In case you’ve missed the hours upon hours of new coverage, immigration reform is shaping up to be one of the most polarizing topics in the 2016 presidential race. The rhetoric these past few months has been contentious to say the least, including calls to escalate border patrols, apprehend and deport illegal immigrants, build walls along our borders and place a moratorium on visas.
Needless to say, the topic has elicited strong emotions on both sides of the aisle. Rather than jump into the political fray, I’d instead like to look at the hard data for answers as to how immigration has impacted entrepreneurialism in the U.S.
Just The Facts
You might wonder what a border wall has to do with the amount of startup businesses in a community, or how a moratorium on visas impacts innovation. But I submit to you that the impact of immigrants—and the policies that affect them—on U.S. entrepreneurship is actually quite meaningful.
According to the Partnership for a New American Economy, immigrants started 28 percent of all new U.S. businesses in 2011, despite accounting for just 12.9 percent of the U.S. population. Moreover, more than 40 percent of the Fortune 500 in 2010 had been founded by an immigrant or the child of an immigrant.
According to a 2012 Kaufman study, immigrants were nearly twice as likely as native-born residents to start a business each month. In fact, many of those all-American brands that define our image—brands such as Kraft, U.S. Steel, Proctor & Gamble, Google and Intel—were all founded by immigrants.
That’s Wall Street. But what about Main Street, where you and I live, work and play? Turns out the entrepreneurial impact of immigrants is quite significant here too—while they comprise 18 percent of businesses overall, they make up 28 percent of “main street” businesses (retail, neighborhood services, accommodation and food services etc.). These are precisely the types of businesses that give a town or city its own unique character. They are also a huge boost to local economic growth.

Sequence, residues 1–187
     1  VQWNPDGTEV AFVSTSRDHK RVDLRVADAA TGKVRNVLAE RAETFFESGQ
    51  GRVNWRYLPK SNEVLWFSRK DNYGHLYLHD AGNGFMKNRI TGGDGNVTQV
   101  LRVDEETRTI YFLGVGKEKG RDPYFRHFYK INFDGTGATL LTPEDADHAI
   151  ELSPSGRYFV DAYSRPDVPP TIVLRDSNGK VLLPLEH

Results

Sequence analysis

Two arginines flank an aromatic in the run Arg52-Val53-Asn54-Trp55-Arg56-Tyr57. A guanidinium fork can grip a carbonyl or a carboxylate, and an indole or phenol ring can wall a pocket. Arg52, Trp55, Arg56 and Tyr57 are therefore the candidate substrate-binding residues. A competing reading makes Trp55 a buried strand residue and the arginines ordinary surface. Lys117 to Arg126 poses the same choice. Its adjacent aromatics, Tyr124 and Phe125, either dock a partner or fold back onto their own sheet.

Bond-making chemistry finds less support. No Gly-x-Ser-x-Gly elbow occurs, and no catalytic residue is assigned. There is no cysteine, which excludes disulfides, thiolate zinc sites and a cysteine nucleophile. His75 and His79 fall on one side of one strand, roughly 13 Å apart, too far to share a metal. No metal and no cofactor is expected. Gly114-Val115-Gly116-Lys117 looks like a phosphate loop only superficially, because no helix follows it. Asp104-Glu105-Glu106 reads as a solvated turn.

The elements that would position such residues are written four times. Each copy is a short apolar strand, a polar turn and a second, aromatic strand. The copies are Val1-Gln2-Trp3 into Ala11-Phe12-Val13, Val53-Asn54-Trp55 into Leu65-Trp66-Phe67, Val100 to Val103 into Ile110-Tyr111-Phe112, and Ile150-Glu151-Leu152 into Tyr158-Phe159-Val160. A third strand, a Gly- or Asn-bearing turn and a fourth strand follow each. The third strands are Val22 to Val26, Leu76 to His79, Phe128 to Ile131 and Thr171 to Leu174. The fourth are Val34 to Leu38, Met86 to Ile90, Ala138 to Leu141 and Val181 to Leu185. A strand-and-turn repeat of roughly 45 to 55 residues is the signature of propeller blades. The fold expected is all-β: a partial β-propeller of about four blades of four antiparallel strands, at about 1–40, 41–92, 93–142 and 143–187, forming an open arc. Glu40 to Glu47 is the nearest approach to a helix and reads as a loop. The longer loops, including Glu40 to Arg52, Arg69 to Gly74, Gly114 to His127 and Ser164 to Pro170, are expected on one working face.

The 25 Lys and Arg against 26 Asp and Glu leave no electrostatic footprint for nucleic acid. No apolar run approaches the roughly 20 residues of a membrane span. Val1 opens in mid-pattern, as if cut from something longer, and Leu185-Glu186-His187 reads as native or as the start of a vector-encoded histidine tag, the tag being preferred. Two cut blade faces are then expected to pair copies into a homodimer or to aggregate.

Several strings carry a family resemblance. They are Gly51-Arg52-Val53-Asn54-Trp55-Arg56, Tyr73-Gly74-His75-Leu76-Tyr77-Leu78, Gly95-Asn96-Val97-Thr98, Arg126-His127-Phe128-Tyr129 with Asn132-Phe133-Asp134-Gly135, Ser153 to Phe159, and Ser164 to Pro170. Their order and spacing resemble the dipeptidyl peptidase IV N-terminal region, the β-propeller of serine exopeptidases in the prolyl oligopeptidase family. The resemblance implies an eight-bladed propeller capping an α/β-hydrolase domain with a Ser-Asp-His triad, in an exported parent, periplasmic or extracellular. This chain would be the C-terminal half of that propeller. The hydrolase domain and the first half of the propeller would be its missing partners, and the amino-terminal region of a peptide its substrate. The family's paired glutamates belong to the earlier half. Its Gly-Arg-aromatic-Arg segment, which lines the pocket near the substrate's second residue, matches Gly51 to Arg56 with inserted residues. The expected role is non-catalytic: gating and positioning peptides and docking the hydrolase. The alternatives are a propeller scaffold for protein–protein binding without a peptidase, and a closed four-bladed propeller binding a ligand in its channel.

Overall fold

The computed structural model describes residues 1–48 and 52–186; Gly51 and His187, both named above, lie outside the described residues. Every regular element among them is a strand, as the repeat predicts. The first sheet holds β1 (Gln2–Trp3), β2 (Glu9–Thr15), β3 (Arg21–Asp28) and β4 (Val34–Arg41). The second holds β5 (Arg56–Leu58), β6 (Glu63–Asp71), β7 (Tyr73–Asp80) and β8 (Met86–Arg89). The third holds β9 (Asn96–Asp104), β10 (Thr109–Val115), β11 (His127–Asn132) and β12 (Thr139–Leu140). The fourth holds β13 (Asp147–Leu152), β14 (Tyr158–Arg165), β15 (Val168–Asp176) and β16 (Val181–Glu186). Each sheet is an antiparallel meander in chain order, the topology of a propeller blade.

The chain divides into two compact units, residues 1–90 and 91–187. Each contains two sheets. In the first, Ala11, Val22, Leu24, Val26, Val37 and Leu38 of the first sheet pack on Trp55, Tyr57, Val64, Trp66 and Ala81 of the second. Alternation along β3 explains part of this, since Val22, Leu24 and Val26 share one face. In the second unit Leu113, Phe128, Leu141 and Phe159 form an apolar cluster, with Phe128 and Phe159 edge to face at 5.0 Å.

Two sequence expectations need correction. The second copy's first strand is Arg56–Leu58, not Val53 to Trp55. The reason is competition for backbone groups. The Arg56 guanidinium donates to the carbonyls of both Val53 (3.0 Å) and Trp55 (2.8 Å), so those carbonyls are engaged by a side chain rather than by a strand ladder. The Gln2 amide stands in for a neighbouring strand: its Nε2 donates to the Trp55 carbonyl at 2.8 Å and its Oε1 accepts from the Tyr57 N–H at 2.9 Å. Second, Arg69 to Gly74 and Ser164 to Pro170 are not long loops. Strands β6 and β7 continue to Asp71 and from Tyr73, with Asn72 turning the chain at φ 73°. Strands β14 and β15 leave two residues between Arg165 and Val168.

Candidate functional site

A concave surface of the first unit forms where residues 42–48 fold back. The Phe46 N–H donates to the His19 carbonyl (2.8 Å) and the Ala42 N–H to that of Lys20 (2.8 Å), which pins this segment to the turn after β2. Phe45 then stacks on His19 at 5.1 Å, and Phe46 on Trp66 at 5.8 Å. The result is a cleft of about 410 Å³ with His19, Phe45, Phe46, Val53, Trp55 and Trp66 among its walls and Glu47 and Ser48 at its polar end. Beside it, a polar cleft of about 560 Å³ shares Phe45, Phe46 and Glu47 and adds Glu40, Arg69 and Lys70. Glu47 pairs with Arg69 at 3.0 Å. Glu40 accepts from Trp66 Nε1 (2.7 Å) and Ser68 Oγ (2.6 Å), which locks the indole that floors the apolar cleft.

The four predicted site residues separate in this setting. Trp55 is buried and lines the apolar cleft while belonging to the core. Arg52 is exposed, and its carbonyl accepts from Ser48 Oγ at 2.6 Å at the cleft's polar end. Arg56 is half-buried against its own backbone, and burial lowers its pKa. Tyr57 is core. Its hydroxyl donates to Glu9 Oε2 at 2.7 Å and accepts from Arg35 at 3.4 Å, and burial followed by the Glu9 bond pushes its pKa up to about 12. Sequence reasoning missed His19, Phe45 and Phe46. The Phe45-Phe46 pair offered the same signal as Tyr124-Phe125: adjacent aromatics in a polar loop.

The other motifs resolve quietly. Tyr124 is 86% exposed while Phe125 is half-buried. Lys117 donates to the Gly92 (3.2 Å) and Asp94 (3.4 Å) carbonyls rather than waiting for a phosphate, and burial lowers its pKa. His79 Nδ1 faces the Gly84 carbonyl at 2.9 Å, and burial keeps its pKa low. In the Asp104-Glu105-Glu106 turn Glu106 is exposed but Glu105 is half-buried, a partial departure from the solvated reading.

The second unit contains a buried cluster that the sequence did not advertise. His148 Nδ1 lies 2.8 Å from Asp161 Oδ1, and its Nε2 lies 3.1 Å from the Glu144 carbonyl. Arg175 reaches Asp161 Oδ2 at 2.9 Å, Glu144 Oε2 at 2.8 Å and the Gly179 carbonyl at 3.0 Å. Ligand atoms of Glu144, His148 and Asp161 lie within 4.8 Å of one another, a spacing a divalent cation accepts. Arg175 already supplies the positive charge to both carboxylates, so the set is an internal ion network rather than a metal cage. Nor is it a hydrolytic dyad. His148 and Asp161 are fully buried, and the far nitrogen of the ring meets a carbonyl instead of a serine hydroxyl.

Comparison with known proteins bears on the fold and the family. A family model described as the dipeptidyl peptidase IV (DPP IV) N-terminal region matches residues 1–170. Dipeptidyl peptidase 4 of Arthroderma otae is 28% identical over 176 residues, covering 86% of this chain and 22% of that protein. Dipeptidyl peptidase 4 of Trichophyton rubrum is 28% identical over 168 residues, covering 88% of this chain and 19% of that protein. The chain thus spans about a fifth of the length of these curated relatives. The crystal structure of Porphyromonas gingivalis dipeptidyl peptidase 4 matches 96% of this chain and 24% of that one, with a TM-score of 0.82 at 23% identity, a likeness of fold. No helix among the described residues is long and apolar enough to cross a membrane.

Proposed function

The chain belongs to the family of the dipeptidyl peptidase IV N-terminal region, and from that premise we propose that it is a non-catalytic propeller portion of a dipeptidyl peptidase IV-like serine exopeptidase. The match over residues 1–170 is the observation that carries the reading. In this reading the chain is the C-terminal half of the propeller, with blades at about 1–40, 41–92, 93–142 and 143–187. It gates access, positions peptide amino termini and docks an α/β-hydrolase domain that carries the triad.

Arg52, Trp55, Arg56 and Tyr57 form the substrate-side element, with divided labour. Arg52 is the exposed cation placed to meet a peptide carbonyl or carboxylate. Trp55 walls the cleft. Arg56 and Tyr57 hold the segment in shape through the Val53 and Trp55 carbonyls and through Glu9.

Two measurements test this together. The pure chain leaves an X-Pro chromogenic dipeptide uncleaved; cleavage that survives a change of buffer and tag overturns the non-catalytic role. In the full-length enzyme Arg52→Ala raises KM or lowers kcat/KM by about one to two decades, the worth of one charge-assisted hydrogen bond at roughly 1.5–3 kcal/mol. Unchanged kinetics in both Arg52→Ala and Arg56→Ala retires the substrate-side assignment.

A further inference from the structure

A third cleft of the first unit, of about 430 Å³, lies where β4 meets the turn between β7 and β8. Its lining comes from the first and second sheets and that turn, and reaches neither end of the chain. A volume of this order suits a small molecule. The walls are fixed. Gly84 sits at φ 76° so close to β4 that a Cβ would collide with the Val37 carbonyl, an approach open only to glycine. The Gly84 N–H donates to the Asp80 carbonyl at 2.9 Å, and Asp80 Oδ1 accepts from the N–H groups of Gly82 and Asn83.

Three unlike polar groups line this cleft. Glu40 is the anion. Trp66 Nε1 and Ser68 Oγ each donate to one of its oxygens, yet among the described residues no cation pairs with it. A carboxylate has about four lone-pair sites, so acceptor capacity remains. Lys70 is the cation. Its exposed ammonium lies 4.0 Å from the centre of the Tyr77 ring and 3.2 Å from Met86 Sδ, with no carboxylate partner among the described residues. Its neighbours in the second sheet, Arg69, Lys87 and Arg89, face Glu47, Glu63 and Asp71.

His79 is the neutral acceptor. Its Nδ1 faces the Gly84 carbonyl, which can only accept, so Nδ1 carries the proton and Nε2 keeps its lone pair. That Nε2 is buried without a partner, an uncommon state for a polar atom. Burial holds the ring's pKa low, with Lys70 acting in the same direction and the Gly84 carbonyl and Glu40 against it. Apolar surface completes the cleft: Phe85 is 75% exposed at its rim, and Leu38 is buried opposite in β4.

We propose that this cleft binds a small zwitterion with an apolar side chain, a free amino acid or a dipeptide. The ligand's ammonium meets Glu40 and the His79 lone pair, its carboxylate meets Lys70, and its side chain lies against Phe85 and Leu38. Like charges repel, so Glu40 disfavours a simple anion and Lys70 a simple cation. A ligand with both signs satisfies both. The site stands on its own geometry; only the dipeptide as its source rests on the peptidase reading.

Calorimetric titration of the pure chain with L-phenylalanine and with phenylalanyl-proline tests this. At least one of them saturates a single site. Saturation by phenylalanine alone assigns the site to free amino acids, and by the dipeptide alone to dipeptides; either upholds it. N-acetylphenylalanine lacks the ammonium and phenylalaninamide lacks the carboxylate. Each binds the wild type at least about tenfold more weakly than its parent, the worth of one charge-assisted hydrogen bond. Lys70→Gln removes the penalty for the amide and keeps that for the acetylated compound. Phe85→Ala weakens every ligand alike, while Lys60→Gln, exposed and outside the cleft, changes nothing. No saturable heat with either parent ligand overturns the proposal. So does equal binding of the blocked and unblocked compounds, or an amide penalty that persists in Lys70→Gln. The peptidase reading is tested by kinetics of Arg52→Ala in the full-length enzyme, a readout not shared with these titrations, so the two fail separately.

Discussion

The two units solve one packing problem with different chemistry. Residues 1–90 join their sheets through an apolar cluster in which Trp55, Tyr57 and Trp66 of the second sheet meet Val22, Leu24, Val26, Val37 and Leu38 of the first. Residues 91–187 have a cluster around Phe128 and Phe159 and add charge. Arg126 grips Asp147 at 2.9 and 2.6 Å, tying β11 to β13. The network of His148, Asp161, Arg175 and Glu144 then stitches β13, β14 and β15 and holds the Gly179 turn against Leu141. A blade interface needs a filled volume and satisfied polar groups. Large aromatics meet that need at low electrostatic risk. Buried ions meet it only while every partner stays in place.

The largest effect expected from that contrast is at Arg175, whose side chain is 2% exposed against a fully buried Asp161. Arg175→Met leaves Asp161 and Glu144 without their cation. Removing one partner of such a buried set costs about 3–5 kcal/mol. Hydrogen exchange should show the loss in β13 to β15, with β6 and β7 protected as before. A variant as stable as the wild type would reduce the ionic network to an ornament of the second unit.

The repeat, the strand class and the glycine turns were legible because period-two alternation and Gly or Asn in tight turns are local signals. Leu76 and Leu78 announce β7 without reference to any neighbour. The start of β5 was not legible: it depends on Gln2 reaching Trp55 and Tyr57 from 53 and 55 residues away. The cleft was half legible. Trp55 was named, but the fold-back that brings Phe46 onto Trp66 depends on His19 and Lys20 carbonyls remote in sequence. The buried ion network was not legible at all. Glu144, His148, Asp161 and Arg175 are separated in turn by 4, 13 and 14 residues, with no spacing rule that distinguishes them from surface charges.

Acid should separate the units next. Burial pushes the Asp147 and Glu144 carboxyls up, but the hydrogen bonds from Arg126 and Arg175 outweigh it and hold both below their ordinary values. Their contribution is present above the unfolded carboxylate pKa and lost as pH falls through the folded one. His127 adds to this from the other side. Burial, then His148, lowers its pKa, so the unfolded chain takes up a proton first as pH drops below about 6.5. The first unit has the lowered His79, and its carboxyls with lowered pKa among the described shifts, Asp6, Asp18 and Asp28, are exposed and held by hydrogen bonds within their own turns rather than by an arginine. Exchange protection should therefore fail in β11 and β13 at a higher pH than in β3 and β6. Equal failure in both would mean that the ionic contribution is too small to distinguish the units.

For those worried that immigrants are taking away good-paying jobs from native-born Americans—the impact has likely been overstated. Take for example a study by Halifax Partnership, which found that immigrants in their community supplemented the labor pool as the domestic population aged out of the workforce without any negative impact on local unemployment rates.
The data speak clearly enough such that in some communities the positive impact of immigrants on entrepreneurship and local economic development is getting more attention than walls and deportations. Philadelphia, for example, has set up a hub to attract and assist immigrant entrepreneurs and a similar effort exists in St. Louis as well. Elsewhere, cities like Chicago, Nashville, and Dayton are looking to stem population decline and stimulate economic growth by actively attracting immigrants and encouraging them to start and grow businesses.
In his book “The Next 100 Years,” Futurist George Friedman predicts that decades of low birthrates in developed countries will result in western nations competing for immigrants towards the end of the first half of the 21st century. It’s worth considering that if even a small part of his prediction turns out to be remotely correct, countries like Canada and New Zealand that are currently increasing their immigration rates will have a substantial advantage in the competition for international entrepreneurial talent.
At JumpStart, we do our best to look past the passions and politics of the day and focus on the hard data to draw our conclusions. And when it comes to economic development, sparking innovation, and creating a lasting culture of entrepreneurship, the data speaks very clearly.
Not only has immigration played a vital role in our historic economic growth, but our ability to continue leading the world in entrepreneurship and innovation will likely depend heavily on our ability to augment our perspectives and our talent pool with the next generation of ambitious immigrants.